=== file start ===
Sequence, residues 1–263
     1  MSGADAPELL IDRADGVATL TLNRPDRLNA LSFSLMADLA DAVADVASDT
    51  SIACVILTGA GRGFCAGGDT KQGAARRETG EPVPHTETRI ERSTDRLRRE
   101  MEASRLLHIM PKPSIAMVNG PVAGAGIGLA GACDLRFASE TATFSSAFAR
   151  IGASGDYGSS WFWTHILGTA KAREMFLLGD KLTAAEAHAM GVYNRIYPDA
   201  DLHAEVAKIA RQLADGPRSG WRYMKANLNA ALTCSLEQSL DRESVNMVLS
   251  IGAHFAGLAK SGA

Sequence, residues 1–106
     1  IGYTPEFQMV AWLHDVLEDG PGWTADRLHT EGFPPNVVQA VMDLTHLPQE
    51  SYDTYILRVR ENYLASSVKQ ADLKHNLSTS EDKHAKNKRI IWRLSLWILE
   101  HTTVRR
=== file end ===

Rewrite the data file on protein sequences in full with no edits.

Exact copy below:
Sequence, residues 1–263
     1  MSGADAPELL IDRADGVATL TLNRPDRLNA LSFSLMADLA DAVADVASDT
    51  SIACVILTGA GRGFCAGGDT KQGAARRETG EPVPHTETRI ERSTDRLRRE
   101  MEASRLLHIM PKPSIAMVNG PVAGAGIGLA GACDLRFASE TATFSSAFAR
   151  IGASGDYGSS WFWTHILGTA KAREMFLLGD KLTAAEAHAM GVYNRIYPDA
   201  DLHAEVAKIA RQLADGPRSG WRYMKANLNA ALTCSLEQSL DRESVNMVLS
   251  IGAHFAGLAK SGA

Sequence, residues 1–106
     1  IGYTPEFQMV AWLHDVLEDG PGWTADRLHT EGFPPNVVQA VMDLTHLPQE
    51  SYDTYILRVR ENYLASSVKQ ADLKHNLSTS EDKHAKNKRI IWRLSLWILE
   101  HTTVRR